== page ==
“The wind on the sea bore a strange melody of an island that sings.” – Dora Sigerson
The Irish practice of erecting decorative high crosses dates from as early as c400. They are almost always associated with the remains of great monasteries. Some crosses are situated around the outer edges of these monastic enclosures indicating that they may have functioned as boundary markers for such sites. Others may have announced the holy place or served devotional purposes providing a focal point for prayers and religious celebrations.
A Celtic cross combines a Christian cross with a circle surrounding the intersection. Although we cannot know for certain why this form of cross was adopted, it seems likely that high crosses stand as examples of the confluence of Celtic pagan traditions and the early Christian religion – a marriage of Christian and Celtic iconography. The Celtic cross linked two powerful symbols into one: the solar circle representing unity of all life and the Christian cross.
The Celtic pagan system was nature-based with many gods in contrast with the monotheistic and scholarly religion of Christianity. Christian monks may have used such high crosses as teaching or preaching instruments for the Irish who were used to living by an oral tradition. Many Irish high crosses are elaborately decorated from top-to-bottom and side-to-side with images from the Bible, the lives of Saints and in some cases, from pagan mythology.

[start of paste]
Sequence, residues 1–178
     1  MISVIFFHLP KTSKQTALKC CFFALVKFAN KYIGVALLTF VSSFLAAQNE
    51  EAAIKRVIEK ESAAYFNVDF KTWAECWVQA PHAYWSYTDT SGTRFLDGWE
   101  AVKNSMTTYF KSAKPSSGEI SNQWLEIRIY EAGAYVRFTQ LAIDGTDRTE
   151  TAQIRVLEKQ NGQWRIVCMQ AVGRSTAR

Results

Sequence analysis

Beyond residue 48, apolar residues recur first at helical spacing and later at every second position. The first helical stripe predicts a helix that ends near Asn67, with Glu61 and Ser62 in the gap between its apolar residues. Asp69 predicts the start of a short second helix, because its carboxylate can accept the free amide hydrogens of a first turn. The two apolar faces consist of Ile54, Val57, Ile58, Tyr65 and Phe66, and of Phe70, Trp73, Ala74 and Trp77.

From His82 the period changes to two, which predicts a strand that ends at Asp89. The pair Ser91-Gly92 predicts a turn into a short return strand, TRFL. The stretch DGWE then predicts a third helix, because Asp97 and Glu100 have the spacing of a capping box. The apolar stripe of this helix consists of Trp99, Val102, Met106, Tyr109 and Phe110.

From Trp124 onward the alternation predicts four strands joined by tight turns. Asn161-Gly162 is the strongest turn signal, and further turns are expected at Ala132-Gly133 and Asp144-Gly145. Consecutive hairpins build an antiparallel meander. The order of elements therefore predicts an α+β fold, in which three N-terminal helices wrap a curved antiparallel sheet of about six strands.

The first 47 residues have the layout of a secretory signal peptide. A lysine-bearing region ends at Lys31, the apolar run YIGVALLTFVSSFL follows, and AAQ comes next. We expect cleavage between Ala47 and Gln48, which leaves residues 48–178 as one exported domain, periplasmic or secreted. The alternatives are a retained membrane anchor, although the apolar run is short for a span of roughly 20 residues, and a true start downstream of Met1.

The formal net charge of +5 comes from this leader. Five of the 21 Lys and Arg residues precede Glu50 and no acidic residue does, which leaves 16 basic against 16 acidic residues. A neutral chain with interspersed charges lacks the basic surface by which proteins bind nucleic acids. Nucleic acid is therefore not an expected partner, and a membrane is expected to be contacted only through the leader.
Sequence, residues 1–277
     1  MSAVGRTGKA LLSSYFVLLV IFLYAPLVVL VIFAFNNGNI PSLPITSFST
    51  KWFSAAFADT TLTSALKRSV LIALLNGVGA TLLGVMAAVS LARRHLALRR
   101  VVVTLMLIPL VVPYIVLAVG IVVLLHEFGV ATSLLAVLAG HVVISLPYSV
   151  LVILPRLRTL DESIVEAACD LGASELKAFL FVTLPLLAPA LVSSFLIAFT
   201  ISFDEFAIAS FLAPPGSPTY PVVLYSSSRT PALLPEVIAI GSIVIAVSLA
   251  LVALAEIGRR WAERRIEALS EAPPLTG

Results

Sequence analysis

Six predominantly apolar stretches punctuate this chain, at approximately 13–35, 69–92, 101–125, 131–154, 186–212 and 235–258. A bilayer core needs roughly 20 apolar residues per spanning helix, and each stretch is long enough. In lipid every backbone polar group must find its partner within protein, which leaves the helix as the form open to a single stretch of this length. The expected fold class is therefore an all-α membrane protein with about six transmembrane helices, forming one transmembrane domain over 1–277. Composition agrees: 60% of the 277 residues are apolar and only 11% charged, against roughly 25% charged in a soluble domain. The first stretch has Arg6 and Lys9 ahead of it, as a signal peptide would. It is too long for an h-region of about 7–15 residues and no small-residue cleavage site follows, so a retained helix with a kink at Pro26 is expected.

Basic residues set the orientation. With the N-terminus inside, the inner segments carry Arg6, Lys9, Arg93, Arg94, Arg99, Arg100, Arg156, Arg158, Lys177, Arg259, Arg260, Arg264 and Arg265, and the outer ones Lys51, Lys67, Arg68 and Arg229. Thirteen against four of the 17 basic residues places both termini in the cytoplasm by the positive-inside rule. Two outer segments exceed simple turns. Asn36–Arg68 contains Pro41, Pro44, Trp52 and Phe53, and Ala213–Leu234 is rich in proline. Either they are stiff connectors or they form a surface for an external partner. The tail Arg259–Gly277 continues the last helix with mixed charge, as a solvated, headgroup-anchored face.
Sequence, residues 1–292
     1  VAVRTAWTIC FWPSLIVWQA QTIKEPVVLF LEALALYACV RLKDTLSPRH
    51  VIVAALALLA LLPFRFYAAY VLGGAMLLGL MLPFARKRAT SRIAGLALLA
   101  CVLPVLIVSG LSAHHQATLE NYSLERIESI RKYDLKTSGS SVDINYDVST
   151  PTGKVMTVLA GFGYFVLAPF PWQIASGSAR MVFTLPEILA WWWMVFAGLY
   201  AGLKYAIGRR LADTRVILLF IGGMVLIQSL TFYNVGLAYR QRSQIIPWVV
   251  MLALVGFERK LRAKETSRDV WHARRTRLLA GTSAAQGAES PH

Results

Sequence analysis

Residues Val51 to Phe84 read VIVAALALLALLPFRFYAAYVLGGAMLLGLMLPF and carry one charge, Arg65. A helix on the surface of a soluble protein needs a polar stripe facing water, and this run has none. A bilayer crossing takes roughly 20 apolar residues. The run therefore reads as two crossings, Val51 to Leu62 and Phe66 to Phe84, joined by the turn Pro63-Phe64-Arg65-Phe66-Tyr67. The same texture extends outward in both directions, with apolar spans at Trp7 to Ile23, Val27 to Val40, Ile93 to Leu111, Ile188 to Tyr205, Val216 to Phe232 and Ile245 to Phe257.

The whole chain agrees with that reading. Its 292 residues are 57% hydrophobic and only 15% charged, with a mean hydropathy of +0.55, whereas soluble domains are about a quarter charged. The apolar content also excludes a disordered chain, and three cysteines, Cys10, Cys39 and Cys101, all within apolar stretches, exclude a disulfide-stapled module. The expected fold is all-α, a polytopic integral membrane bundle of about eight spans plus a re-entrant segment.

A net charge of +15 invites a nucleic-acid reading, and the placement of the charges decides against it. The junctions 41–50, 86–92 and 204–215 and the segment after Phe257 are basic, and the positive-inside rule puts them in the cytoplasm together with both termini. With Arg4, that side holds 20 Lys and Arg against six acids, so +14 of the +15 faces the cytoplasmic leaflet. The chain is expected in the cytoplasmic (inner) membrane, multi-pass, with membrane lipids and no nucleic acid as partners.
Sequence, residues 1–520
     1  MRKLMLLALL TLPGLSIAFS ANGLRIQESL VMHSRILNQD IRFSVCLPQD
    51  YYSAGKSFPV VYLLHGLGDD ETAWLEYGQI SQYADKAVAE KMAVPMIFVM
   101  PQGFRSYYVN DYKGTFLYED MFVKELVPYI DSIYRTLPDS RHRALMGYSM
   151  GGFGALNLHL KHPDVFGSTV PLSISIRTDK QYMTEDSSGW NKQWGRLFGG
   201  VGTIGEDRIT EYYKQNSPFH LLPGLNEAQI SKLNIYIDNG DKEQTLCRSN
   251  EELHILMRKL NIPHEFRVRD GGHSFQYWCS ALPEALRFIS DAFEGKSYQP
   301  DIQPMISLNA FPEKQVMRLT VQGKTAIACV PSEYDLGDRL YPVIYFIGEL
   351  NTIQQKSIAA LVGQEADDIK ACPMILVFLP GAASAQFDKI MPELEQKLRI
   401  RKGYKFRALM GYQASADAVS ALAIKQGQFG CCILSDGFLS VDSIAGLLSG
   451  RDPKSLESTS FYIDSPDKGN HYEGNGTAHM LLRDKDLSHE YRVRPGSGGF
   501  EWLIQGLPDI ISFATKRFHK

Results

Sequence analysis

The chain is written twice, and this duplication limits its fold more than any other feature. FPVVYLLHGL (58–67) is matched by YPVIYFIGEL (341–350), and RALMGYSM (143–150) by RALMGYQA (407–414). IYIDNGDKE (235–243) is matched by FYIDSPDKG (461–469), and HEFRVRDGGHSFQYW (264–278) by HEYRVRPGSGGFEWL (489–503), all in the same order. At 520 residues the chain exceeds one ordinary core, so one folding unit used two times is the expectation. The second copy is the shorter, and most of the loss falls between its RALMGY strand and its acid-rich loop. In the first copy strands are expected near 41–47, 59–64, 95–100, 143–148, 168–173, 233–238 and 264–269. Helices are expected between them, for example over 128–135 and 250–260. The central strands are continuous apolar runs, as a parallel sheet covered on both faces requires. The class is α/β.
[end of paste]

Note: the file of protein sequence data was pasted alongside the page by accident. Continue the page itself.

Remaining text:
The process of transition from pagan to Christianity was a gradual one. For a long time monks were looked upon as a new class of druids. Many elements of the pagan religion got absorbed by the new church. This made Celtic Christianity unique from the type of Christianity that was practiced in the rest of Europe which had long been under Roman rule. It maintained its connections with the ancient Irish past and the Irish landscape.
The Irish high cross also typifies the Celts’ positive approach to death. Roman depictions of Christ are often sombre whereas on Irish high crosses Celtic deities appear with radiant smiles. There is also some evidence suggesting that these crosses might have been brightly painted. Fortunately, many Irish High Crosses have retained their carvings over the centuries. Of particular importance are the magnificent crosses at Kells, Co.Meath; Monasterboice, Co.Louth; Moone, Co.Kildare; and Clonmacnoise, Co.Offaly.